I have integrated several physical security systems with logical identity and access management systems over the last several years.
Each time I was amazed at the way that the physical security vendors worked: proprietary software with proprietary hardware. Every time I’d think that one day digital convergence would bring an end to this.
This paper will outline my views on why an open source physical security software’s time has come.
Open source is the practice of making available a product’s “blueprints” in the public domain. “Open Source” began in the days of Henry Ford, when he broke a monopoly on car patents and created the beginnings of the Motor Vehicle Manufacturers Association.
Open source came into its own in the software industry with IBM releasing its code for source releases, the development of the internet using TCP/IP and many subsequent others including Netscape Navigator and Linux.
Does open source software enable better security? Any weaknesses are out there for the public to identify and then be quickly remedied. Many software security experts such as Bruce Schneier say “demand open source code for anything related to security” [Schneier 1999].
However, just because software is open source doesn’t mean it is more secure. If vulnerabilities exists in the software and remain undetected, then the code is vulnerable.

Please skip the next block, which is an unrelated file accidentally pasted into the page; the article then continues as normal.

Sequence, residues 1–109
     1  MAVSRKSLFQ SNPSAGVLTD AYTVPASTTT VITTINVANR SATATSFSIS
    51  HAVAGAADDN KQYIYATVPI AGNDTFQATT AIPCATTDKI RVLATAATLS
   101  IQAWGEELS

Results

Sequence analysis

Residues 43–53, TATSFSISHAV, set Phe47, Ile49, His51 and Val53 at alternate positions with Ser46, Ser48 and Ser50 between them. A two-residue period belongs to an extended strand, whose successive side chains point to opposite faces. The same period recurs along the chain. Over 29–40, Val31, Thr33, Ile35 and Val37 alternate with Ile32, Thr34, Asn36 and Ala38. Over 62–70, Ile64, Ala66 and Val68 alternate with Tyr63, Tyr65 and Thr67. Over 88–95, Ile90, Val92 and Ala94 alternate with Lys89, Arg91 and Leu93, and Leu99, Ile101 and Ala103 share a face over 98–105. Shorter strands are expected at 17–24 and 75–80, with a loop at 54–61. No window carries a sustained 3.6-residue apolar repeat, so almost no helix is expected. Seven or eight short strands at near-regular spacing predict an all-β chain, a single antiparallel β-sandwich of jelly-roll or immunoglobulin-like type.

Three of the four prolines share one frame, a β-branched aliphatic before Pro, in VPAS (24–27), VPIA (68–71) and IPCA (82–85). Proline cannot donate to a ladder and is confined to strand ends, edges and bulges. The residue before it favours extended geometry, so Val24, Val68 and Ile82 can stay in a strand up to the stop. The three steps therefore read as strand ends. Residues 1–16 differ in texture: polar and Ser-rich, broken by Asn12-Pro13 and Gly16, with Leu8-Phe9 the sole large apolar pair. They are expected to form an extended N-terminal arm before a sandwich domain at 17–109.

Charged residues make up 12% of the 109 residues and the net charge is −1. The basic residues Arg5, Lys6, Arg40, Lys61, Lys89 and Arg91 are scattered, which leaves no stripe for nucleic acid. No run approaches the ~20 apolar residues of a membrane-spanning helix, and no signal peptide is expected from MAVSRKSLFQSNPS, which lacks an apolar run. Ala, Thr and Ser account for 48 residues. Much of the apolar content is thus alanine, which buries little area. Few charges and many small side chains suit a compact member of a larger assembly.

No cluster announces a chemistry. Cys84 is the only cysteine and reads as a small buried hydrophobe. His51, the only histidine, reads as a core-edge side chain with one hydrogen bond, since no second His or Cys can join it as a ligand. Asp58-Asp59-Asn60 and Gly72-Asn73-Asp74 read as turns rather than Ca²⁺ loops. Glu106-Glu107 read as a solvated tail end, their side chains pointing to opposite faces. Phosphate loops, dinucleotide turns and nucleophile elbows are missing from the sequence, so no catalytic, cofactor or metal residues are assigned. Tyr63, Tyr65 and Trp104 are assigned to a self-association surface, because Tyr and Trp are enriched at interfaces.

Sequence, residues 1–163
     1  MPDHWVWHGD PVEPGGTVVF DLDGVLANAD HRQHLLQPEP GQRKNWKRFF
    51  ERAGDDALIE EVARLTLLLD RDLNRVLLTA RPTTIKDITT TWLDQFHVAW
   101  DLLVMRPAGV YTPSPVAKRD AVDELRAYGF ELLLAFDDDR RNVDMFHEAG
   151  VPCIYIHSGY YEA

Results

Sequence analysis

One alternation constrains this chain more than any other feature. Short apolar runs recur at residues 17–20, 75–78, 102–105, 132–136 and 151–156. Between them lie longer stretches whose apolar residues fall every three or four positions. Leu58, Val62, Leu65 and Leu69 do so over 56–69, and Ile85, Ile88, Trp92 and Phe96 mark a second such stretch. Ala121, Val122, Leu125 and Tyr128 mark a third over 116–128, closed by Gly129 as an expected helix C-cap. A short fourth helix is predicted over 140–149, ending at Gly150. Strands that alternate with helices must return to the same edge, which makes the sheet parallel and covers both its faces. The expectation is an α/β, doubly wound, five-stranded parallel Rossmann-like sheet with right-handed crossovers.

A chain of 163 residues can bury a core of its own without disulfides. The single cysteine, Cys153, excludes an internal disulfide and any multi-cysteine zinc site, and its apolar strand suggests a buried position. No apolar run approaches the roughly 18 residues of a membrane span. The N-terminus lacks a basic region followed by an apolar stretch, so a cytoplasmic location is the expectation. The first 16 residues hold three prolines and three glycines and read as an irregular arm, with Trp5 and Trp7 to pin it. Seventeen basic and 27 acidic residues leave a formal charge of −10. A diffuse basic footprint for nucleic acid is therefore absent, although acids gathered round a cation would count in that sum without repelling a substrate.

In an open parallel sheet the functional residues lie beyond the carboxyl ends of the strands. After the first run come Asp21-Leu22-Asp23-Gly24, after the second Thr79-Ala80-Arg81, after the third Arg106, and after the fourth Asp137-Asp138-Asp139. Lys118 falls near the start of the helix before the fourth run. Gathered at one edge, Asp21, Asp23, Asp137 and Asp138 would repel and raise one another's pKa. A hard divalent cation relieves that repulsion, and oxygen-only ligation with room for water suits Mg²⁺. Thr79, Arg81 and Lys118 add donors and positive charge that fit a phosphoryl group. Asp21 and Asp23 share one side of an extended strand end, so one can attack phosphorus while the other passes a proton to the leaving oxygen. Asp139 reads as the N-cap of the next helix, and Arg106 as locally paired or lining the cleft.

The way the software is implemented and maintained often opens up security vulnerabilities. Therefore the organization that manages the overall code and the folks who implement it need to have very high standards.
This compares to the usual defense of saying by keeping software code private it is more “secure”. Security by obscurity has been argued for many years, especially by proprietary vendors.
In the early days of a new technology, obscurity can aid in protecting the security. However, over time, the value of obscurity decreases as the technology becomes better understood. Generally, security increases when minimizing reliance on obscurity.
My premise is that physical security software is not new technology anymore. The technology has been around for many years and therefore there is little value to the argument by keeping the source code private that the overall security will be better.
Benefits of Open Source Security Code
I think there are many potential benefits to open source physical security software:
- Lower cost for software
- Plug and play with many different physical security hardware vendors
- Easy integration with identity and access management systems
- Defined security standards
- Lower cost operations for enterprises who outsource their physical security monitoring
Lower Cost Software
The open source formula usually delivers free software with a low yearly license. Use of this software should lower enterprises overall physical security budget over time as opposed to paying proprietary vendors large purchase amounts and annual license fees.
Plug and Play
There is an ongoing initiative within the physical security industry to develop protocols allowing for easier interoperation.